The Region of Emilia Romagna – famous for tortellini, balsamic vinegar, il bollito, cotechino, prosciutto, mortadella – might well be christened “the region of good eating.” Enjoy an overnight at Agriturismo La Sabbiona near Faenza and you’ll have no doubts.
We arrived there one icy misty January night but the chill slipped away as soon as we entered the beamed dining room, once a stall, filled with chatting guests – and met our warm and welcoming host, Mauro. He wandered the dining room, stopping at many a table to tell the guests how his mamma Serena had made the tasty dishes they were savoring. Mauro sat with us for quite awhile, talking about the wines of La Sabbiona with Pino. On their farm, 32 of the 56 acres are vineyards of Centesimino, Sangiovese, Famoso, Albana, Trebbiano, Syrah, Chardonnay and Malvasia grapes with fruits, grains and olives grown in the remaining fields.
The menu enticed: what to order, what to resist? I knew Pino would cede to the bruschetta con lardo di colonnata:
…and whenever we’re in Emilia Romagna, I won’t pass up ravioli con la zucca (ravioli stuffed with winter squash and crushed amaretti). Of course, a Sabbiona vino rosso to accompany all…..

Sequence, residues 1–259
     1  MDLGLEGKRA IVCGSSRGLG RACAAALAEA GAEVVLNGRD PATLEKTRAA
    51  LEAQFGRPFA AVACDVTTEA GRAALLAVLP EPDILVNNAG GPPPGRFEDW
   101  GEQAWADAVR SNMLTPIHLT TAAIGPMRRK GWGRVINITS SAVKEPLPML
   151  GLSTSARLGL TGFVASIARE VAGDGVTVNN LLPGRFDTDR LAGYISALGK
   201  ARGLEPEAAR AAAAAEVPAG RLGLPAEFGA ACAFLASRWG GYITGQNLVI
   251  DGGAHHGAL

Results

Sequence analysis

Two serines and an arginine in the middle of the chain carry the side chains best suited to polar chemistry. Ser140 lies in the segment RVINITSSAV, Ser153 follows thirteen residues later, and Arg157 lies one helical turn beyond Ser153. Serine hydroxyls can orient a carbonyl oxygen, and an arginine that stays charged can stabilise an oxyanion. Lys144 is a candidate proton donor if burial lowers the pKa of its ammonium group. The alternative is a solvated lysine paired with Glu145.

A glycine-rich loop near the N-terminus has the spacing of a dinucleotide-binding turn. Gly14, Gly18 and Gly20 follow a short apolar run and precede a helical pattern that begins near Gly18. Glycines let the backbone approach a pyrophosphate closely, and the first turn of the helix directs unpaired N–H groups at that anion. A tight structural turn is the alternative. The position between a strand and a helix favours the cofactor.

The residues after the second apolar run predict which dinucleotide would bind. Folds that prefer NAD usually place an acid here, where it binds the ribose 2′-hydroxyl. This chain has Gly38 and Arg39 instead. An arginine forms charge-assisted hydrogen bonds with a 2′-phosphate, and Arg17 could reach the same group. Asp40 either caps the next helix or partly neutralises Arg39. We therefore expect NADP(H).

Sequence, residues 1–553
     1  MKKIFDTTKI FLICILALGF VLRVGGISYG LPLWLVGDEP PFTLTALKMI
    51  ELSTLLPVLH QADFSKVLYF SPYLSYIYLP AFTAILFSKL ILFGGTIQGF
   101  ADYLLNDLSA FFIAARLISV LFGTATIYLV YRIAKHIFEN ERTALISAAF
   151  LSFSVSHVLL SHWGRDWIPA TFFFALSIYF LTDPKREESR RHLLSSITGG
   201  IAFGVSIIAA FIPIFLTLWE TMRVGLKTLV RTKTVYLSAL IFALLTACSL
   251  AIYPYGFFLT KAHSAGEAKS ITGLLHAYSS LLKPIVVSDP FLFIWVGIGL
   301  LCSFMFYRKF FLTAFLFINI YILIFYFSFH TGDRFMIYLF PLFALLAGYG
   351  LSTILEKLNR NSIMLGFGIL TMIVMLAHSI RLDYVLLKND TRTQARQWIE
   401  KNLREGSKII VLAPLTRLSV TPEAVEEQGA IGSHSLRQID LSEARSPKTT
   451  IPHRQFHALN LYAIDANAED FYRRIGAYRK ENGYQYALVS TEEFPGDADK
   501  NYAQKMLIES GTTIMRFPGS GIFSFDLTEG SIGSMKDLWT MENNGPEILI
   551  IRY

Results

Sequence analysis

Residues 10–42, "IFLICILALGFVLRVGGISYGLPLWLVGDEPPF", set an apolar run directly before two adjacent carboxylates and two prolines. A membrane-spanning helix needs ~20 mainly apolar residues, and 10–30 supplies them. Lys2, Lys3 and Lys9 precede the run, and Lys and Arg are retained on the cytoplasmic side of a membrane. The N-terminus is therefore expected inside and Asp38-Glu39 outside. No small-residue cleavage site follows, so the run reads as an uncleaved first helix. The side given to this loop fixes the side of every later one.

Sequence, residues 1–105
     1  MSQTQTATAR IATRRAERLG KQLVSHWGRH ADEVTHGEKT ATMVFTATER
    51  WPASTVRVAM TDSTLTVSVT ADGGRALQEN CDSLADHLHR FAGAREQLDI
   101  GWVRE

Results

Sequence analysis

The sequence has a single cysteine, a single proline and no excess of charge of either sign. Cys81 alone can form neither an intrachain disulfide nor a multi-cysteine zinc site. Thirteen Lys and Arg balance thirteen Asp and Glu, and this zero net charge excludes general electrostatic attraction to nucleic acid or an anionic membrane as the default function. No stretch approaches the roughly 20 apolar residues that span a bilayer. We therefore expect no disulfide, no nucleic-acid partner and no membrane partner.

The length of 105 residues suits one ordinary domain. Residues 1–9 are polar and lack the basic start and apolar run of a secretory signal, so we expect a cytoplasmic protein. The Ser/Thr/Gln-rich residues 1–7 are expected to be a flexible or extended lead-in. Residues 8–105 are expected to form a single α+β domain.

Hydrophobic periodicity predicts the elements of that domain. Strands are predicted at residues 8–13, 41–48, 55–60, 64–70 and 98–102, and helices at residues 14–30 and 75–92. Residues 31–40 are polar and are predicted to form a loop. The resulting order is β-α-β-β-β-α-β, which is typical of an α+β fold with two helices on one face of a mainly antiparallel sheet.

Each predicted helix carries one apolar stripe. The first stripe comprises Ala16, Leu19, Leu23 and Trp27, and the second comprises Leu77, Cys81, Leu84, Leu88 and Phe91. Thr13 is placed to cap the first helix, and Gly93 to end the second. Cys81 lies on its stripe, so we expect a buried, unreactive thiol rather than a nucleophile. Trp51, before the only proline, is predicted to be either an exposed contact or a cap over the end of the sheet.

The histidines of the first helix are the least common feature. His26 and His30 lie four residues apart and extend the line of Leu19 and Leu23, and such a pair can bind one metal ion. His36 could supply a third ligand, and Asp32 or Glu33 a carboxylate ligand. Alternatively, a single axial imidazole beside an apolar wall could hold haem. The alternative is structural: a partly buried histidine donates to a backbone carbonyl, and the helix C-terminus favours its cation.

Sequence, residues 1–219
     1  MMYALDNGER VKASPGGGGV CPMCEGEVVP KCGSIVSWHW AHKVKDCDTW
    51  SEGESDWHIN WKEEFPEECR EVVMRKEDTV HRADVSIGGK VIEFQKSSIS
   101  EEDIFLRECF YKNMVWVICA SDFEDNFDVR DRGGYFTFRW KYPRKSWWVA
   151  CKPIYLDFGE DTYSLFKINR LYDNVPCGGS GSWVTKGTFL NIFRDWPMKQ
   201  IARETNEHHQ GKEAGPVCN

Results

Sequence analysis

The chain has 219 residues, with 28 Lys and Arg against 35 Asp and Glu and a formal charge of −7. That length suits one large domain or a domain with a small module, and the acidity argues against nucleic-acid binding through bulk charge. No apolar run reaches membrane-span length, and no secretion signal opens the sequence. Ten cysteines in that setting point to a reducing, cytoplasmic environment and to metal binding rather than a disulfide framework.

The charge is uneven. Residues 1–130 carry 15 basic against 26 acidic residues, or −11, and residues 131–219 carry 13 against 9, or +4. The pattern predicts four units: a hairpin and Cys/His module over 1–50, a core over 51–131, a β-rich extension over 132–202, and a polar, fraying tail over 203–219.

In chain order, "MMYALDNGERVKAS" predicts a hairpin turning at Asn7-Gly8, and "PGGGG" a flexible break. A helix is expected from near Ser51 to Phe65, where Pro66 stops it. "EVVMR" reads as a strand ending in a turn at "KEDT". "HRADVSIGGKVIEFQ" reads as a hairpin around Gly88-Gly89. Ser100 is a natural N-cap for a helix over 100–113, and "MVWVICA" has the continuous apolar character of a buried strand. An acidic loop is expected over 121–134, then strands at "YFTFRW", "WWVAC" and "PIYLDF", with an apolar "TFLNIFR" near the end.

After the ravioli, a medley of grilled vegetables was the perfect conclusion for me. But Pino took on the tagliata, grilled beef splendor:
After our feast, we head upstairs to our room, leaving behind chatting diners – many of them, locals fans of Mamma Serena’s cooking.
As we saw in the misty light the next morning, our room overlooked the Sabbiona vineyards.
We headed downstairs to the dining room, now empty except for cheery Cristina, ready to make us morning espresso and serve up a breakfast feast, including of course, la Sabbiona meats, jams, and breads made from their wheat.
Before leaving, we toured the cantina with Mauro and selected some of their wines to bring back to Umbria.
…and not only wines for sale in the cantina but also Agriturismo La Sabbiona olive oil, preserves, pickled vegetables, fruit juices, tomato sauces, their nocino (walnut liqueur)…..and grappa. (Pino resisted). Many an agriturismo guest leaves with a gift basket of items they’ve selected from the enticing cellar display.
We’re out of la Sabbiona wine: perhaps it’s time to replenish our supply? ….and to taste once again the Sabbiona culinary goodness at dinner. (Click here to read about – and see! – the temptations).
(Photos thanks to Agriturismo La Sabbiona)
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